Last week, the Government Department for Digital, Culture, Media and Sport (DCMS) released its latest report: the Cyber Security Breaches Survey 2020. The report has some great insights into the latest cybersecurity challenges and trends. Rather than having to read all 54 pages, we’ve gone through the report and picked out 10 highlights.
1. More than half of organisations hold personal information electronically
The Cyber Security Breaches Survey highlights first and foremost the growing digital footprint of many organisations. Whether it’s the use of websites, email accounts, online payments or storage of personal data, businesses are increasingly moving towards modern digital options.
The most interesting fact is that 55% of businesses and 56% of charities are now holding personal information about customers electronically.
This method of storage is unquestionably more efficient and effective, but also brings heightened cybersecurity risks. More so for Finance and Insurance businesses, where 77% of organisations hold customer information online, compared to the 55% overall.
2. Cybersecurity is a top priority for Finance and Insurance
It’s always interesting to understand which sectors are placing more focus on cybersecurity investment. In this survey, 71% of Finance and Insurance businesses placed cybersecurity as a “very high priority” versus only 40% of overall businesses.
But why is cybersecurity so important to this industry? Most likely because this sector is often a common target for cybercriminals due to the large amount of personally identifiable information they hold. Also, cyber fraud is an increasing issue for businesses and individuals of the public, meaning cybersecurity has to be at the forefront of most banks and financial institutions.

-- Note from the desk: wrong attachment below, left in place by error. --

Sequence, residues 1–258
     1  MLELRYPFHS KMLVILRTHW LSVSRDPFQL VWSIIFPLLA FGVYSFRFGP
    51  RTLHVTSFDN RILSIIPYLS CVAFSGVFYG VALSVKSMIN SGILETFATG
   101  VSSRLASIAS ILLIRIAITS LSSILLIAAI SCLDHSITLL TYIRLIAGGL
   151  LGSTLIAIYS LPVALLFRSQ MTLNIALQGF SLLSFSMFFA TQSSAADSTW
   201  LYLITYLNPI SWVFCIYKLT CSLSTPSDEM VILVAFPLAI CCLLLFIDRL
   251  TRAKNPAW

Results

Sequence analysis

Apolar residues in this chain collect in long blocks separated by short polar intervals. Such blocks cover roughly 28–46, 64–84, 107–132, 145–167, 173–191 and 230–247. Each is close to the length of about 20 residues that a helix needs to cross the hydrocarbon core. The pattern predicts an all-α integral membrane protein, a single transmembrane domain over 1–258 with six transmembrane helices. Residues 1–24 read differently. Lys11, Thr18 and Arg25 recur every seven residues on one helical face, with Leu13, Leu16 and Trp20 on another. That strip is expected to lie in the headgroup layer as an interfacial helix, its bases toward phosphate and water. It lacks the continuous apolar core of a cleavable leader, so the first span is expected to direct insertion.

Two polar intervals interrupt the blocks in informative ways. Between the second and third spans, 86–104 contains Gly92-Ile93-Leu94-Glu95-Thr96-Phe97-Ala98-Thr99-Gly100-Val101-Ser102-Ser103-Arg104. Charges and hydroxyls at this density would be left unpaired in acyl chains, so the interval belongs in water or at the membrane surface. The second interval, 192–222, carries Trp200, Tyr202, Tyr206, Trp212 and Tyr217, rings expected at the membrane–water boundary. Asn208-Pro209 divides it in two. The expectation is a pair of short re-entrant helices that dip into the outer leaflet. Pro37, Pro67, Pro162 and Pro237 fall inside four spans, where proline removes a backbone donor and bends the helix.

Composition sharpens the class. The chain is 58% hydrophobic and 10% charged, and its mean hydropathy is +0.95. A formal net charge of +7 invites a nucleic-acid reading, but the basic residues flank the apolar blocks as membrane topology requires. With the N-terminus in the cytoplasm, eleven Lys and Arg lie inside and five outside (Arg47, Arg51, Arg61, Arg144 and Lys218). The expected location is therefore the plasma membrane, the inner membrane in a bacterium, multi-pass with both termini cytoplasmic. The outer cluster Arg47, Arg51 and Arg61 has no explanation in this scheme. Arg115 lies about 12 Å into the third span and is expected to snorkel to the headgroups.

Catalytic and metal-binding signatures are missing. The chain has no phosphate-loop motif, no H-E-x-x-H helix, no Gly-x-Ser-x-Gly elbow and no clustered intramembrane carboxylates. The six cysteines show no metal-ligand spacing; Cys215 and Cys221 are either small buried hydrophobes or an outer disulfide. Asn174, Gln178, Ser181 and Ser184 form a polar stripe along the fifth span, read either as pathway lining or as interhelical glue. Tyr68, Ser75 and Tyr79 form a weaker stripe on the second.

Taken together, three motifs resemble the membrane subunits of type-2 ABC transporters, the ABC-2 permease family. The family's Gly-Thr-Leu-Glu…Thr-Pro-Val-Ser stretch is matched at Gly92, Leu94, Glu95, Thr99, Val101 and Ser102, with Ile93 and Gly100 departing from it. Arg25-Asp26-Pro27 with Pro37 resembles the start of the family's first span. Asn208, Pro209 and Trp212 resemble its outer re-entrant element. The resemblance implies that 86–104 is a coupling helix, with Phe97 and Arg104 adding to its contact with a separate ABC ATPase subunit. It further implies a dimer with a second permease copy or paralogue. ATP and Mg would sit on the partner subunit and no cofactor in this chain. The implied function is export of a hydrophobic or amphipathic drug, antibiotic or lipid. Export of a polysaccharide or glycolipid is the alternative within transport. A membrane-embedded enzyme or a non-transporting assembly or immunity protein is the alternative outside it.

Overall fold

3. Senior Managers aren’t informed on cyber
According to the report, a staggering 17% of senior managers are “never” updated on actions taken around cybersecurity (12% for charities). This is compared to 4% and 3% respectively of senior managers (directors, trustees etc) who are informed BUT only when there is a breach.
The lack of communication around cybersecurity is likely due to the fact that 63% of businesses and 55% of charities have no board members or trustees with a responsibility for cybersecurity.
IRM has preached for a long time about the importance of cybersecurity with the board and/or trustees. Senior managers need to be frequented with the business’ threat landscape, understand what the business is doing proactively to protect itself and understand how its customers are protected. Without communication between cybersecurity managers and senior management (and without responsibility at the top of the tree) cybersecurity will never become a true priority. This, in turn, means it will never receive the funding it requires.
4. Change is reactive, not proactive
One of the frequent mentions throughout the Cyber Security Breaches Survey is the impact of the GDPR. The legislation enforced a reactive response for many organisations in cybersecurity, leading to an increase in awareness, training and investment. This very example underpins the idea that there is still a tendency to be reactive in cybersecurity rather than proactive.